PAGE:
In the first case, it is obvious that contradictions between two intelligences, that arise solely on the basis of conflicting beliefs---such as, for instance, the classical debate between `creationists' and `evolutionists' or, currently, that between proponents of the theory of `alternative facts' and those of `scientific facts'---cannot yield any productive insight on the nature of the contradiction.

      Although not obvious, it is the second case (2)---of contradictions between two intelligences that arise on the basis of conflicting `reasonability'---which yields the most productive insight on the nature of the contradiction.

      Such conflicts compel us to address the element of implicit subjectivity in the individual conceptual metaphors underlying the contradictory perspectives that, then, motivates us to seek (3) above for an appropriate resolution of the corresponding contradiction, as in the case of:

      (i) The evidence-based argument that Hilbert's and Brouwer's interpretations of quantification are not only both belief-based, but complementary and not contradictory; and

      (ii) The dissolving of the Hilbert-Poincare debate by demonstrating that PA has a weak, evidence-based, interpretation that justifies Poincare's belief; and a strongl, finitary, interpretation that justifies Hilbert's belief;

      (iii) The dissolving of the Bohr-Einstein debate by the argument that any, evidence-based, mathematical representation of a law of nature is necessarily expressed in terms of functions that are algorithmically verifiable---hence deterministic---but that such functions need not be algorithmically computable---and therefore predictable.

      The third case (3) is thus the holy grail of communication---one that admits unambiguous and effective communication without contradiction but, significantly, is attained only by recognising, and pulling, those 'darned dangling threads' in (2).



    5. Bhup, thank you for your thoughtful and well-argued analysis. One of the great pleasures of Sabine's group is the way it encourages interactions between a broad variety of perspectives and backgrounds.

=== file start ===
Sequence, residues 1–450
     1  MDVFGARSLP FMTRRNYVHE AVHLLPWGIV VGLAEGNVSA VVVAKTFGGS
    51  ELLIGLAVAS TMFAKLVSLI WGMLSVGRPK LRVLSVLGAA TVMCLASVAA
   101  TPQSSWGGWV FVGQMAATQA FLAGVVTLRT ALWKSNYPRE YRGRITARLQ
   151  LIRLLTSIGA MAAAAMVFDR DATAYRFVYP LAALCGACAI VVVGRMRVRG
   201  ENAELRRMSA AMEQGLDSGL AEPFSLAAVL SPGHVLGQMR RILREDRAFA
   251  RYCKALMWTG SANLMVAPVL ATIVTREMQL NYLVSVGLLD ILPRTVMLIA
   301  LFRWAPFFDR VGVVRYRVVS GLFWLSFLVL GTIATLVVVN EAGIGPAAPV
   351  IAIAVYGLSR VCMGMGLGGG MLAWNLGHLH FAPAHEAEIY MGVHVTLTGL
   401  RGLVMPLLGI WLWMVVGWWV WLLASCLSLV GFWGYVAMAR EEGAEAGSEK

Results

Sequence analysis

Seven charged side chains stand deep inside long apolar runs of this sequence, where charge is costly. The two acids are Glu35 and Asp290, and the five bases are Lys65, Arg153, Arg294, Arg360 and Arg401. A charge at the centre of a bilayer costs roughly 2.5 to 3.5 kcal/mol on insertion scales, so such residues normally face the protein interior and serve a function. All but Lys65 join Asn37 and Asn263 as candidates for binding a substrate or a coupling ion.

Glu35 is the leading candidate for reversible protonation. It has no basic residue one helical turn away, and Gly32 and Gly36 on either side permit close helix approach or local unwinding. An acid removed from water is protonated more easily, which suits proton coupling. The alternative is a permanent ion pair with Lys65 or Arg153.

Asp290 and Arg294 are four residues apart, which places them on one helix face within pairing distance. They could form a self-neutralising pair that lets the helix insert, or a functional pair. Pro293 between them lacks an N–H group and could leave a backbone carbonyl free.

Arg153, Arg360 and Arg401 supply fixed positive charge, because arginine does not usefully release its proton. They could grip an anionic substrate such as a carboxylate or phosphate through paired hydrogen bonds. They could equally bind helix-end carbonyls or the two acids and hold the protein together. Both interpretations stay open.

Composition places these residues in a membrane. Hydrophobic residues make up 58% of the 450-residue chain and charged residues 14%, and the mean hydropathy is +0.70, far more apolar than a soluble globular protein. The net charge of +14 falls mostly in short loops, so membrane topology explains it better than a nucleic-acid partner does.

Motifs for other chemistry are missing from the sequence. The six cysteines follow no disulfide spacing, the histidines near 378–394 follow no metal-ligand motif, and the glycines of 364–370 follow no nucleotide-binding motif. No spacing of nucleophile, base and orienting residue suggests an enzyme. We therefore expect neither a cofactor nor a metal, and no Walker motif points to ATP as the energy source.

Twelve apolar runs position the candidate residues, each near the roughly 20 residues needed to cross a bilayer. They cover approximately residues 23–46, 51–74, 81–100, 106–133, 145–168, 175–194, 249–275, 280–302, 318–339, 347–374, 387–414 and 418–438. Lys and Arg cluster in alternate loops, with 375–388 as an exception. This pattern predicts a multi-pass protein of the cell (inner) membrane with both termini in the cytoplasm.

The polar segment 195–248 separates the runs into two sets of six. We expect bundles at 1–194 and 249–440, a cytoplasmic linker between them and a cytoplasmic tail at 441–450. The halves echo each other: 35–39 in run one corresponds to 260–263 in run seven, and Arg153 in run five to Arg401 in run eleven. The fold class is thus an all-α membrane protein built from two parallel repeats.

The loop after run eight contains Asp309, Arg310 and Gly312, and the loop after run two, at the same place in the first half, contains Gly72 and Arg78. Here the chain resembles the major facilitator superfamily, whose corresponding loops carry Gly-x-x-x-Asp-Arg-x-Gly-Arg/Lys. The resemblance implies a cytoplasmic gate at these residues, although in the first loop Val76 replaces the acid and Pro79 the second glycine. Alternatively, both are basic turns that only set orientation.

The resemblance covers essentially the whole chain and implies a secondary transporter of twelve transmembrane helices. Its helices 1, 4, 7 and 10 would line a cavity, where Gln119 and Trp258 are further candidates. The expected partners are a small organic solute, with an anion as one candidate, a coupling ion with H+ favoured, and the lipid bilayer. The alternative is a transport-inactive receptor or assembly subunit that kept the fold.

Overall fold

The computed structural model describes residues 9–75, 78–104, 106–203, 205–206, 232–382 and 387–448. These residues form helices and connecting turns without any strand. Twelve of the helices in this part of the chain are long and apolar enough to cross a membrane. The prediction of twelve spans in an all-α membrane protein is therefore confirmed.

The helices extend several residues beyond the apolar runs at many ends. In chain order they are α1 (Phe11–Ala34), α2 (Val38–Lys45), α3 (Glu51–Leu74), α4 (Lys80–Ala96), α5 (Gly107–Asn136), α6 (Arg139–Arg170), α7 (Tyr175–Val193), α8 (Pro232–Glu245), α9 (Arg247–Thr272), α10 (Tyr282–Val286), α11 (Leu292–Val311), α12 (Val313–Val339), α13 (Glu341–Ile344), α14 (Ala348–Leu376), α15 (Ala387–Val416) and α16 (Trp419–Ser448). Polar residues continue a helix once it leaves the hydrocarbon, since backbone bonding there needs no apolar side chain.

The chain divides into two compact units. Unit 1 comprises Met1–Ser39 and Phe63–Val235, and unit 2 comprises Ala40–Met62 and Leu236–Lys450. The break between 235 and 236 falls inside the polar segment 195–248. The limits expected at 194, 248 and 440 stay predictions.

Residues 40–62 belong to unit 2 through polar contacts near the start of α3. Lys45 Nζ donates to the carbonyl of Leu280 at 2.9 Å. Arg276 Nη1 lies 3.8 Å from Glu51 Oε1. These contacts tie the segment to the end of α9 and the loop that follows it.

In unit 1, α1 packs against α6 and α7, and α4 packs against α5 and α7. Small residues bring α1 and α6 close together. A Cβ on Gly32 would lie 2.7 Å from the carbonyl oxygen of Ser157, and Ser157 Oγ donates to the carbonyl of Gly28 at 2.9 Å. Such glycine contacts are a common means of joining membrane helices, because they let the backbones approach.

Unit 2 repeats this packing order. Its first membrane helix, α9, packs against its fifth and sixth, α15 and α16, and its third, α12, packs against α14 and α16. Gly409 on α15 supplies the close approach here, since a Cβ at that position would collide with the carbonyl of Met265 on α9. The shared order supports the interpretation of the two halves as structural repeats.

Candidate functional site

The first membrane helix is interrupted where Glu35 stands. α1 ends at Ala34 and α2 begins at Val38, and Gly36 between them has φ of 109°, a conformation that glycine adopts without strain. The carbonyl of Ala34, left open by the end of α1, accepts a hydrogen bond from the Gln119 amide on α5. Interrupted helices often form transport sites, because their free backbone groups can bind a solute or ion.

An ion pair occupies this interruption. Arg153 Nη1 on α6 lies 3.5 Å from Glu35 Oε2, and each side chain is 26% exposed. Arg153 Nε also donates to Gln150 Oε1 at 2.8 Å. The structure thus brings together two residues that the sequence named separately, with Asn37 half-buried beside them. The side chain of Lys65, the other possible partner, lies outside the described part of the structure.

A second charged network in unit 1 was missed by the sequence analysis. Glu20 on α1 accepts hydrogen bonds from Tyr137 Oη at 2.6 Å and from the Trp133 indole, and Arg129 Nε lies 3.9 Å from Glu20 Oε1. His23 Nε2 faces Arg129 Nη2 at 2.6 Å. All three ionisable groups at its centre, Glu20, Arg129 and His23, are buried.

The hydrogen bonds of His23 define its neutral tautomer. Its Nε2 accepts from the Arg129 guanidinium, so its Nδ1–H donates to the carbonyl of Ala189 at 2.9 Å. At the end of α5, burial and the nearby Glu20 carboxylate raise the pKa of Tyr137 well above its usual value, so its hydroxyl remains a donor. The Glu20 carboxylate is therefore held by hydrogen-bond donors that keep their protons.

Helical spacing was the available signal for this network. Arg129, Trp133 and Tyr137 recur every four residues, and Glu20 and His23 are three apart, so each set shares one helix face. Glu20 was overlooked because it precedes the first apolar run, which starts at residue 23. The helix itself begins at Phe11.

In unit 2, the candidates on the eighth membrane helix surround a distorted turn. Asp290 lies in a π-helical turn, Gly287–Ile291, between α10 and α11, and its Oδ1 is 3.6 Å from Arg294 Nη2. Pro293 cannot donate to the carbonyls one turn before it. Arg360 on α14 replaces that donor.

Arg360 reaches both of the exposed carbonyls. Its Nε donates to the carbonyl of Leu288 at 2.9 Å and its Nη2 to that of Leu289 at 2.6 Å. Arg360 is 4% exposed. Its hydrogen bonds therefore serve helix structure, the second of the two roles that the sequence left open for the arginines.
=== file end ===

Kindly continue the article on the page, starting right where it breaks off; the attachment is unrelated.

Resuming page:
6. (Um… I'm not doing very well at getting a quick start on my vacation, am I?… :)

      Sorry, here are a couple of brief replies to thoughtful comments I overlooked:

      Greg Feild, in another subthread you said: "There are no physicists here!"

      That got a good chuckle! But hmm… we do have a moderator named Sabine… :)

      JeanTate, Austin (aka ben6993),

      I can't speak for Austin's ideas of course, but I would note again that while the anisotropic rgb model captures all known particle charge combinations, it is flatly not a mathematically complete particle theory, and thus cannot be used to make predictions. Two things missing are: (1) a mathematically precise characterization of the anisotropy; and (2) a mathematically precise characterization of the closely linked and complementary 3-space needed to prevent neutrino degeneracy in the charge model.

      The second issue is fascinating, since it implies a fundamental weak isospin symmetry between electrons and neutrinos, despite their marked chirality differences. It also leads in representations of all fermions as three-antinode open strings in a 'bent' 6-space.

      However, it is the first issue, the lack of mathematical characterization of the anisotropy, that makes the rgb anisotropy non-predictive in its current form.

      The rgb anisotropy would need to be fully characterized by a saturation angle (might as well keep the optical analogy going) that goes from: colorless at 0°, giving the colorless gluon infinite range, and giving them properties identical to photons; to pure colors (all three axes) at about 54.7°, giving gluons whose range is confined to circa 1 fm.